These 8 Foods Will Change the Way You Cook
Coming up with ideas for unique and nutritious meals, rather than cooking the same foods over and over again, can be challenging. One great way to spruce up your menus is by adding some new foods to your pantry. With many more types of food becoming available at grocery stores and specialty markets, there are plenty of options for expanding your cooking repertoire, but how will you know which foods to try and how to use them? If you are thinking about exploring some new foods, this list of 8 foods that will change the way you cook should be a good place to start. For each food, it will provide an explanation of what it is, where to get it, and how it can be used.
1. Coconut Milk
Coconut milk is a creamy liquid made from the flesh of coconuts. Unlike coconut water, the liquid that occurs naturally inside of coconuts, coconut milk is made by mixing coconut flesh with water. Coconut milk can be made at home or bought at the store in cans or in cartons. High in calories and a good source of vitamins and minerals, coconut milk is used in place of milk in many international cuisines. Its thick and creamy texture makes it ideal for use in desserts, sauces, soups, stews, curries, puddings, ice creams, and pies. You can slow cook a chicken in it, add it to ramen, or use it to make dairy-free smoothies, shakes, or lattes.
2. Cassava Flour
Cassava flour is made from the root of the yucca plant, which is similar to yams, plantains, and potatoes. Cassava flour is made by peeling, drying, and grinding up the root into a powdery substance. The result is a gluten-free, nut-free flour that can be used for cooking and baking. Unlike most gluten-free flours, cassava flour is similar to wheat flour in flavor and texture and can be substituted in recipes on a 1 to 1 basis. It can be purchased online or at specialty markets and used to make breads, tortillas, crepes, tacos, and pie crusts. Keep in mind, though, that cassava flour is high in carbohydrates and calories.
Jackfruit is a very large fruit related to figs that grows in Southeast Asia, Brazil, and Africa. A mature jackfruit can weigh between 30 and 50 pounds. It has a thick green skin and a creamy white interior. With a meaty consistency and neutral taste that absorbs flavors well, jackfruit is becoming increasingly popular as a meat substitute. It has no saturated fat or cholesterol and is high in fiber and potassium. You can find whole jackfruits in Asian food stores and young jackfruit in cans or packets at grocery stores. Jackfruit can be used to make veggie pulled pork and as a meat substitute in tacos, curries, chili, stews, sandwiches, and soups.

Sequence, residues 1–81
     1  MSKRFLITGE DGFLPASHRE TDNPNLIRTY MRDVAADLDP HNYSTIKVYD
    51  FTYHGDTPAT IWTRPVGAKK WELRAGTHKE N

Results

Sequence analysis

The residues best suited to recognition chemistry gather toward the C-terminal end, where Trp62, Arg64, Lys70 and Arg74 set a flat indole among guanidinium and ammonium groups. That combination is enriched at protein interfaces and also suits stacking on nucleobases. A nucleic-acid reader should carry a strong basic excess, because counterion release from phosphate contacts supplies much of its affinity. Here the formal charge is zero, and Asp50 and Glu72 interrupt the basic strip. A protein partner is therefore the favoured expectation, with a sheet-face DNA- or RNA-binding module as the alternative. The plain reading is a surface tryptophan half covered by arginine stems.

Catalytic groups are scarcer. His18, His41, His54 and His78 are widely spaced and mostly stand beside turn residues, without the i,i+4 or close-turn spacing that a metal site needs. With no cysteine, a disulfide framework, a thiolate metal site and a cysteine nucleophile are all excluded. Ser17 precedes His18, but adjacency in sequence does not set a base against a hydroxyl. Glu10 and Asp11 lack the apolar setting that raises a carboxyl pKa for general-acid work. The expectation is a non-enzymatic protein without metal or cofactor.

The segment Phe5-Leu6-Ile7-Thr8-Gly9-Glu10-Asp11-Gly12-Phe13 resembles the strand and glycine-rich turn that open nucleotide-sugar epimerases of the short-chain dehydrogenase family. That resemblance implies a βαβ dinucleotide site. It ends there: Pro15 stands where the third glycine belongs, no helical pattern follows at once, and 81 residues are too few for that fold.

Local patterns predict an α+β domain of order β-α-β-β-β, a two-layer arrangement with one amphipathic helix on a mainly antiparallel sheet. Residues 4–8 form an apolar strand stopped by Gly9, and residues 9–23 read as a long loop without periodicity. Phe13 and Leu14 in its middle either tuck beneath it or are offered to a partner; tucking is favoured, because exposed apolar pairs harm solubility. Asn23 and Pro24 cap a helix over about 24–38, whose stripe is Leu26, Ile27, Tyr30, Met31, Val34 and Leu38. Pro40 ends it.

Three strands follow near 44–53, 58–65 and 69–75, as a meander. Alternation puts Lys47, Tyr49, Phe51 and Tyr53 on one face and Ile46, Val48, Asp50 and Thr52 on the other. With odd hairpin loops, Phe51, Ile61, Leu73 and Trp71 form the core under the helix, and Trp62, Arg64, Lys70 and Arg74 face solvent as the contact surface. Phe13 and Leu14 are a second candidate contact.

4. Mascarpone cheese
Made from whole cream and citric or tartaric acid, mascarpone cheese is known for its smooth texture and rich, sweet, buttery flavor. You can find it in the specialty cheese section of your grocery store or make it yourself at home. Mascarpone cheese is used in desserts such as tiramisu and will add richness to just about any savory or sweet dish. You can add it to pasta dishes, soups, or dips, or spread it on a bagel instead of cream cheese. It can served topped with fruit and honey as a simple and tasty dessert. Once mascarpone cheese is opened, it must be used within a few days, but that shouldn’t be a problem.
Just about everyone loves pumpkin pie on Thanksgiving, but pumpkin flesh and seeds are versatile foods that can be used in many recipes. High in potassium, magnesium, fiber, protein, and vitamin K, pumpkin seeds and flesh are nutritious and easy to find. You can buy whole pumpkins and scoop out the seeds and flesh yourself, or buy packaged pumpkin seeds and canned pumpkin flesh at the market. Some great ways to use pumpkin seeds are in pumpkin seed pesto, granola, or as a topping for veggies. Pumpkin flesh can be used in soups, pumpkin bread, pumpkin cheesecake, pumpkin fries, or pumpkin tortellini.
Buckwheat is a gluten-free fruit seed which is rich in fiber and a complete protein. Buckwheat comes raw or toasted. Toasted buckwheat, often called kasha, is delicious combined with bow tie noodles and onions in the traditional Jewish dish, kasha varnishkes. Soba noodles are made from buckwheat, and waffles can be made from buckwheat. Buckwheat has a nutty, earthy taste, and can be added to just about any recipe including cookies, soups, pancakes, and stir fries. Buckwheat can be made into a porridge or risotto and served with mushrooms. Soba noodles can be added to broth, stir fries, or miso soup.
Tahini, a paste made from ground sesame seeds, is rich in nutrients including calcium, iron, potassium, Vitamin E, and phosphorus. You can make it yourself at home, buy it at the grocery store, or order it online. Tahini is a versatile food product, which is often used to make salad dressings, hummus and baba ghanoush. It can also be used in sauces, soups and stews, pasta salad, and in desserts. This includes halvah, cookies, cakes, ice cream, and brownies. Tahini is also delicious in smoothies or spread on toast instead of peanut butter.
8. Haloumi cheese
Made from sheep’s milk on the Greek Island of Cyprus, halloumi is a cheese that is meant to be eaten grilled, fried, or baked. Halloumi, also known as grillable cheese, is soft and rennetless. It can be found at specialty markets, natural food stores, and specialty cheese shops. When grilled or fried, halloumi cheese becomes crispy on the outside and soft and melted on the inside. It can be served in salads, made into fries, or cooked with eggs for a delicious breakfast. A traditional and tasty way to prepare and serve it is grilled on skewers with watermelon.